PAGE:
Newly appointed Minister of Trade and Industry Ebrahim Patel is sworn in by Chief Justice Mogoeng Mogoeng. Picture: PHILL MAGAKOE/AFP
Newly appointed Minister of Trade and Industry Ebrahim Patel is sworn in by Chief Justice Mogoeng Mogoeng. Picture: PHILL MAGAKOE/AFP

Organised business and the financial markets have welcomed the retention of ministers Pravin Gordhan at public enterprises and Tito Mboweni at finance, taking this as a signal that the government will make good on its promises to pursue fiscal consolidation, reform state-owned enterprises and accelerate growth.

As expected, the departments of economic development and trade & industry (DTI) were merged under former economic development minister Ebrahim Patel. SA’s continued deindustrialisation under the obdurate Rob Davies made his exit from the DTI long overdue.

It’s no surprise that Patel has been elevated, as he steered the new Competition Amendment Act through parliament. It gives the competition authorities greater powers to reduce industry concentration to foster greater competition — something President Cyril Ramaphosa is counting on to boost SA’s growth rate.

Thulas Nxesi
Thulas Nxesi

But many economists have mixed feelings about the wisdom of this approach, and about Patel in particular.

"Patel was one of the most conscientious cabinet ministers in the previous administrations, but I doubt whether he can overcome his adversarial approach to the private sector, misguided obsession with monopolies and instinct towards interventionism," says DA MP Michael Cardo.

Investec’s Nazmeera Moola is also ambivalent. "He’s hardworking, keen and committed, but his economic policies are at times naive and impractical."

Take, for instance, the idealistic social compacts he promoted with business on skills and job retention after the global financial crisis. Business organisations would commit to these pacts in a spirit of co-operation, but market forces would inevitably prevail over good intentions the moment economic conditions soured.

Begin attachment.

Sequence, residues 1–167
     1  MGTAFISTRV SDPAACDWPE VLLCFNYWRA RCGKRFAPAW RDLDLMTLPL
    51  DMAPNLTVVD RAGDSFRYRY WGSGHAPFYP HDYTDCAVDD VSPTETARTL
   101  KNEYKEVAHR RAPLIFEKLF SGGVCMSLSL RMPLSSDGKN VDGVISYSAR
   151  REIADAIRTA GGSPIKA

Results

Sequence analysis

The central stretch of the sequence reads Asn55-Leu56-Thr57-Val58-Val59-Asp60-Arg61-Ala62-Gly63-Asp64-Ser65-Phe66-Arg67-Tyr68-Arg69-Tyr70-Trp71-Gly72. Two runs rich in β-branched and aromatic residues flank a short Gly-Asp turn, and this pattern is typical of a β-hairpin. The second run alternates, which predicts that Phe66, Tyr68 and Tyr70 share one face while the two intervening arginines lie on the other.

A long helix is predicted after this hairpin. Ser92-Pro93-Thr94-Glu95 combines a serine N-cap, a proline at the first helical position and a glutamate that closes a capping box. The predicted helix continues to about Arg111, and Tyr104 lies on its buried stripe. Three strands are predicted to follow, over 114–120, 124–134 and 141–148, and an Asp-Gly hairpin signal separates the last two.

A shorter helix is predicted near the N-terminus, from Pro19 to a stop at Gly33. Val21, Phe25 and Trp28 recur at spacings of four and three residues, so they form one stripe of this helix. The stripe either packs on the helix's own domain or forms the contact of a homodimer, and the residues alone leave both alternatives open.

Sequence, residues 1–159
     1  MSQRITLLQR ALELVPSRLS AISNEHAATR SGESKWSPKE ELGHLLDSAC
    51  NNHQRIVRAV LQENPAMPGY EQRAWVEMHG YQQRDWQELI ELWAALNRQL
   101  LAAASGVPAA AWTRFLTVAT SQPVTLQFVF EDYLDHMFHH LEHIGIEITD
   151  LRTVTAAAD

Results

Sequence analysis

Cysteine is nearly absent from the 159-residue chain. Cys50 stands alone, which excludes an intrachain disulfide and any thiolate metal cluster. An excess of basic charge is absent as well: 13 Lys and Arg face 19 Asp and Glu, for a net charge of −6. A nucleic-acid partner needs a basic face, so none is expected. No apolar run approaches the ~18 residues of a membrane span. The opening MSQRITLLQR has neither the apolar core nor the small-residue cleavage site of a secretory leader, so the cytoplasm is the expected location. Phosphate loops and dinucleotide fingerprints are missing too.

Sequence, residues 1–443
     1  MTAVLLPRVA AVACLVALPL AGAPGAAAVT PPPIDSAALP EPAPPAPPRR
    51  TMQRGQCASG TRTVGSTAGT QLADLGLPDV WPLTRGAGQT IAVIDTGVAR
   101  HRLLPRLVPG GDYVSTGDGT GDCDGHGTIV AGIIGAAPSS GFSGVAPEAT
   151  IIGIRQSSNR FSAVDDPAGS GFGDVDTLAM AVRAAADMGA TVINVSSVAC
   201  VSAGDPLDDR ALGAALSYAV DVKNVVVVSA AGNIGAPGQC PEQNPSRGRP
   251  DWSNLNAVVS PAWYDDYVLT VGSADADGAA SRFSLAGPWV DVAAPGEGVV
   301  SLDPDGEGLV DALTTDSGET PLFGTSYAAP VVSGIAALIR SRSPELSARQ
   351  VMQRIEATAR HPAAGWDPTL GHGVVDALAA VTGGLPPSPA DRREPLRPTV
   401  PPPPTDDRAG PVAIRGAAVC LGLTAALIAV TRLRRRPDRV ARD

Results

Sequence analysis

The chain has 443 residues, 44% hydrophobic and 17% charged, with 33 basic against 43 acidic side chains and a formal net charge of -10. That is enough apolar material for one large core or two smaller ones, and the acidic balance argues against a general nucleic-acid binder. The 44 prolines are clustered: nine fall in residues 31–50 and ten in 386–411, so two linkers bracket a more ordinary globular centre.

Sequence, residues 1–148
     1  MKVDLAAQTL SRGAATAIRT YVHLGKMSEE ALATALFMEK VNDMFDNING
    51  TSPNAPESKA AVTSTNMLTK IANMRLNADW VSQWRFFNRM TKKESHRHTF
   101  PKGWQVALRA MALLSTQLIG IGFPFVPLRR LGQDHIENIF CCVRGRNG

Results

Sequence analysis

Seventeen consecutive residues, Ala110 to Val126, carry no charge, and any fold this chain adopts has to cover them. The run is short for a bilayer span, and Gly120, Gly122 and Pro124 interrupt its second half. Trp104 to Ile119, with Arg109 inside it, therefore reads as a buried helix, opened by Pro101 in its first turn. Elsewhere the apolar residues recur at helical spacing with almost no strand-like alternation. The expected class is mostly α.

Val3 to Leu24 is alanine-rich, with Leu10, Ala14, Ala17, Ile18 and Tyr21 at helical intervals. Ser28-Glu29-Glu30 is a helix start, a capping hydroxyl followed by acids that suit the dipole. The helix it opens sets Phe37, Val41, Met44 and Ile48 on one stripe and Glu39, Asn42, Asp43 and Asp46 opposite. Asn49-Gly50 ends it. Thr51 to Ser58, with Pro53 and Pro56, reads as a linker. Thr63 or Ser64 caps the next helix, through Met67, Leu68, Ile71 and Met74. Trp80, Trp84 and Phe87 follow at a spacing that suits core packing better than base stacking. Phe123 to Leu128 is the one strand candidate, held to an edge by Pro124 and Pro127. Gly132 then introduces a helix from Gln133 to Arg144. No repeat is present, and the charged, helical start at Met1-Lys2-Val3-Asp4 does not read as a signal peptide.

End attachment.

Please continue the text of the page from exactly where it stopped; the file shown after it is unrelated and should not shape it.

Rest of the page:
David Masondo
David Masondo

More surprising is that the inconsequential small business department has been retained as a standalone entity under the relatively unknown Khumbudzo Ntshavheni, the former COO of the State IT Agency, which she reportedly left after allegations of impropriety.

The other surprise appointment is that of young economist David Masondo as deputy finance minister. A former finance MEC from Limpopo, Masondo is studious and meticulous, so despite his links to the SACP, he could be the perfect foil for the ungovernable Mboweni.

The new minister of labour & employment, Thulas Nxesi, also hails from the SACP. The portfolio of "employment" has been added, but economists are sceptical as to whether this will succeed in shifting the focus to creating new jobs rather than merely protecting old ones.

Nxesi is probably best known for claiming, when he was minister of public works, that Jacob Zuma’s Nkandla swimming pool qualified as a security upgrade because it was a "fire pool".

Patel, Nxesi and Masondo could provide an ideological counterweight to Mboweni’s free-market instincts. If so, the economics cluster may struggle to spearhead the deep reforms needed to sustain rapid growth. But if Masondo gets behind Mboweni, they could be a force to be reckoned with.